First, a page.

Bedrock groundwater is an important source of water supply for isolated dwellings.
Water seeps into fractures and channels found in non-porous rock. Therefore, we are prefer to refer to this as a fractured-rock aquifer than a pore aquifer, which is the most common aquifer found in large parts of Europe. The only porous rock found on the mainland of Norway is Brumunddal sandstone, a rock that is currently being drilled and pumped by and Ringsaker Water Works.
Boreholes must drilled in the bedrock perpendicular to the main fractures and channels. The bedrock may often be heavily fractured, however, but these fractures may be clogged with clay minerals which prevent groundwater from being released when drilling.
It becomes gradually less likely to strike water as drilling depth increases due compression from the weight of the overlying rock. Therefore it is not usual to drill groundwater wells deeper than 100 meters. If a borehole produces little water because it does not cross the fractured rock, production could be increased by applying pressure. This technique involves injecting water in the borehole under high pressure so that the fractures are jacked open and thus made more transmissive.
A water table is surface of the aquifer -- the surface where the water pressure head is equal to the atmospheric pressure. Below the water table, the aquifer is completely saturated with water. The distance down to the ground water table may vary from zero meters to several tens of meters, depending on whether it is being drilled in the valley or on higher hill. The height of water table also varies with climate and season.
In areas where the bedrock is made up of marble and other calcareous rocks, the water from the rainfall, streams and rivers can dissolve rock, which can result in caves and underground streams and rivers. In such areas, bedrock boreholes drill provide a lot of water, but it's presence could be temporary as what rapidly flows out into any open channels.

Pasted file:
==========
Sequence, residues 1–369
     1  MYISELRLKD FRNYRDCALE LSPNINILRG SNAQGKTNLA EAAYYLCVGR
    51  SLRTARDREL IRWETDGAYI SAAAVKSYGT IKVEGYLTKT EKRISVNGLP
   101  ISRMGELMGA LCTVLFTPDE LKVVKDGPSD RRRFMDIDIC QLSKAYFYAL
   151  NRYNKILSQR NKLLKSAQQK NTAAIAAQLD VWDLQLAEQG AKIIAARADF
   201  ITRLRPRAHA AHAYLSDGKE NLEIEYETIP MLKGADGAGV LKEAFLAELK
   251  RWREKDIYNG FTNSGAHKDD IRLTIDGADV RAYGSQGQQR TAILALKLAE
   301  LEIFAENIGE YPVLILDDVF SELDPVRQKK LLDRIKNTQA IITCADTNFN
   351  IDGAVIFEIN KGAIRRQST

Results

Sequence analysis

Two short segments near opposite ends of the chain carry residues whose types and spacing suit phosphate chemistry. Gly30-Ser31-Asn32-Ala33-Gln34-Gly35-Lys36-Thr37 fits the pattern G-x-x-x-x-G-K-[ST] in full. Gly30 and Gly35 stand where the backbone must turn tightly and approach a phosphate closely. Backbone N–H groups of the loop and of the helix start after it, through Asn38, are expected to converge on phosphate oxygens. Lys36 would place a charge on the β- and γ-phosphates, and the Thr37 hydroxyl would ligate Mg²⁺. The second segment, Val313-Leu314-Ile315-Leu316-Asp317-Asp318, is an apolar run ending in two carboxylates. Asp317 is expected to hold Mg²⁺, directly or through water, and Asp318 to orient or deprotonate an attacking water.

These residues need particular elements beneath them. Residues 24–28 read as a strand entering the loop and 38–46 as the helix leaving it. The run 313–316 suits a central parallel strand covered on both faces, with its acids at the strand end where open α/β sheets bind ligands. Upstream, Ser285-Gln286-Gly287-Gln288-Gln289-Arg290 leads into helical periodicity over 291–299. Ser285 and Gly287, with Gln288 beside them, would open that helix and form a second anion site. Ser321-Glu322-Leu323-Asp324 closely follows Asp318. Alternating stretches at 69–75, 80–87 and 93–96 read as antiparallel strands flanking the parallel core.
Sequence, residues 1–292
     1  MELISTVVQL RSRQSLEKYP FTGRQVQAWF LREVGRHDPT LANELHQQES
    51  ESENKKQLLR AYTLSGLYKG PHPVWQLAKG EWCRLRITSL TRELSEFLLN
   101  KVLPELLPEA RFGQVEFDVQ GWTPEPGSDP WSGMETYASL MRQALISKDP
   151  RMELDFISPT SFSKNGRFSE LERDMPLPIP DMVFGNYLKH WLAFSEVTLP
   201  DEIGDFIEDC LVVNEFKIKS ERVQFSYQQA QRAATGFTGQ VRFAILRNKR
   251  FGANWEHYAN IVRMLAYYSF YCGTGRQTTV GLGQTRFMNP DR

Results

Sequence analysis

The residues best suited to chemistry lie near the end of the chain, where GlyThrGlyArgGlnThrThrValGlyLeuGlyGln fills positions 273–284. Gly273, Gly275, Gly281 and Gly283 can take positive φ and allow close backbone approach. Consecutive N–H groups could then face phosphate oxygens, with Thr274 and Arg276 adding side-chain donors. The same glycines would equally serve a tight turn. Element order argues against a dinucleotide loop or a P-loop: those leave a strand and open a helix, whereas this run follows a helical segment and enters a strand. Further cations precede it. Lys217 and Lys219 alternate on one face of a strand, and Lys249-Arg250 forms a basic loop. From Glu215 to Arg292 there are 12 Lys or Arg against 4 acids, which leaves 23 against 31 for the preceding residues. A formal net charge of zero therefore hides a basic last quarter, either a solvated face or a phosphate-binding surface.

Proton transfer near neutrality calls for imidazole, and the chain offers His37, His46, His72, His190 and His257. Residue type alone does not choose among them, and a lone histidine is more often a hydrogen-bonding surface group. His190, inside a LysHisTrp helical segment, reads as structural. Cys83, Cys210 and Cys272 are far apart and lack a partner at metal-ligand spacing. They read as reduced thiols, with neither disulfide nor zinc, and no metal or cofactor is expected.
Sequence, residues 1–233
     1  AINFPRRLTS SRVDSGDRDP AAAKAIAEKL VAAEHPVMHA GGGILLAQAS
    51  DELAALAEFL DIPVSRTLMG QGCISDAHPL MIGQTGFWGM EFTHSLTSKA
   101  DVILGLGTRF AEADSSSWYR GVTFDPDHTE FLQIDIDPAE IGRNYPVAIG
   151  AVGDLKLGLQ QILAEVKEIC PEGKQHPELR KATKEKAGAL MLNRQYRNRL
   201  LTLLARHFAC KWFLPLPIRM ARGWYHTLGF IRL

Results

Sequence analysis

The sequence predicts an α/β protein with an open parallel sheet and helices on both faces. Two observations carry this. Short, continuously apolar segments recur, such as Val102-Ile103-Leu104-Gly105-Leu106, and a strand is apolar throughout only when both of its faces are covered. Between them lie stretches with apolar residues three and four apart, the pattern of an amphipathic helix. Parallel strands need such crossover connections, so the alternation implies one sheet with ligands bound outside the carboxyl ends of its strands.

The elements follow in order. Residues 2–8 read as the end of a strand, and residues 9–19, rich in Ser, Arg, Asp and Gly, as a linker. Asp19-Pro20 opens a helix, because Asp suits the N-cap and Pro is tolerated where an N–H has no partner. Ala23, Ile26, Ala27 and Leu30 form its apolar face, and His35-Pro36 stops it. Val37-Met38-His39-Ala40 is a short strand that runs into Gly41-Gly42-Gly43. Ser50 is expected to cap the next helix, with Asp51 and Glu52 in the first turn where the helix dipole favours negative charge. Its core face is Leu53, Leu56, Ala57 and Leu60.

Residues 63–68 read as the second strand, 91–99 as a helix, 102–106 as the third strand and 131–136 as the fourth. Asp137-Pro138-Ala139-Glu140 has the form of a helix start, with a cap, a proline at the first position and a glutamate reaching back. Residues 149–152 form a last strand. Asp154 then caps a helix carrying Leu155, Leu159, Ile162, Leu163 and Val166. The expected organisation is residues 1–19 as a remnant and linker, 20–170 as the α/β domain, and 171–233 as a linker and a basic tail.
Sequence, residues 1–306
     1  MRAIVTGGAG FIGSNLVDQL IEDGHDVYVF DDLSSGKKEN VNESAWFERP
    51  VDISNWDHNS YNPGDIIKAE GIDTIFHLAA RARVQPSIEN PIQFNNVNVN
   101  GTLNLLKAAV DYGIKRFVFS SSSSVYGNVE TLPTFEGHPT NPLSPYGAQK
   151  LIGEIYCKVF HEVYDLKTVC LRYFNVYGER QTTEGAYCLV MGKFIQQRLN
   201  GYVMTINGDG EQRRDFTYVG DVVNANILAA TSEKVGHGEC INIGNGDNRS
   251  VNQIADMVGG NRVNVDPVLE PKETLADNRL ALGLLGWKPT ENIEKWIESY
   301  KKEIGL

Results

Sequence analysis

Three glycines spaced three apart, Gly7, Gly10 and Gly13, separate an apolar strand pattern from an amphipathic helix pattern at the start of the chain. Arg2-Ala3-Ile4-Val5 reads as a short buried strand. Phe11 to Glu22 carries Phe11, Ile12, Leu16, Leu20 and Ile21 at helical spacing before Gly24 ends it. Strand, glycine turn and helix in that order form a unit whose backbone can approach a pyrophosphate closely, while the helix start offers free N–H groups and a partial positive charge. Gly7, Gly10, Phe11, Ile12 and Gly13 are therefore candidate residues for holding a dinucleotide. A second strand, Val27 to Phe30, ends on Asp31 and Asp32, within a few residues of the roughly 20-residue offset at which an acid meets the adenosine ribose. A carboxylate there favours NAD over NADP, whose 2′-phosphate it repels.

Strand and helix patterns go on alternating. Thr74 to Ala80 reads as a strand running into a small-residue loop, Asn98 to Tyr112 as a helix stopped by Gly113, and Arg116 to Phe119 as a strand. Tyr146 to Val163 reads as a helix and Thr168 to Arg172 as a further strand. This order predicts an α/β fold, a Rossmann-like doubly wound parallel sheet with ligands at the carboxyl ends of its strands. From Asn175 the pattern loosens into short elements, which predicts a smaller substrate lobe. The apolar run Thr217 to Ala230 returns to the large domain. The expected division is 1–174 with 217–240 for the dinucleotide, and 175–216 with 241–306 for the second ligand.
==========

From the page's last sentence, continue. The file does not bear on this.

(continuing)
On the islands and along the coastlines of Norway, saltwater intrusion is a problem. Fresh groundwater floats over the salt water like a large bubble, hence, the danger of saltwater intrusions increased borehole depth and with increasing withdrawal of water.
The infiltration of groundwater can cause problems when operating mines and constructing and operating tunnels. Application of geological knowledge could help identify the fractures in the bedrock, where water might leak through. A thorough investigation could help reduce costs related to damages, prevent injuries and prevent loss of life.
Under the Water Resource Act , all well drilling activities and groundwater studies, must be reported to NGU. The data is entered into the national groundwater database (GRANADA) which can be then accessed on-line through an interactive map and as fact-sheets. NGU will continue to gather data on groundwater boreholes and groundwater study, thereby contributing to a broad knowledge base of where bedrock groundwater is located and how it behaves.
In drilling wells the water will flow into the well along a few cracks cut by the borehole. This film shows a marked water..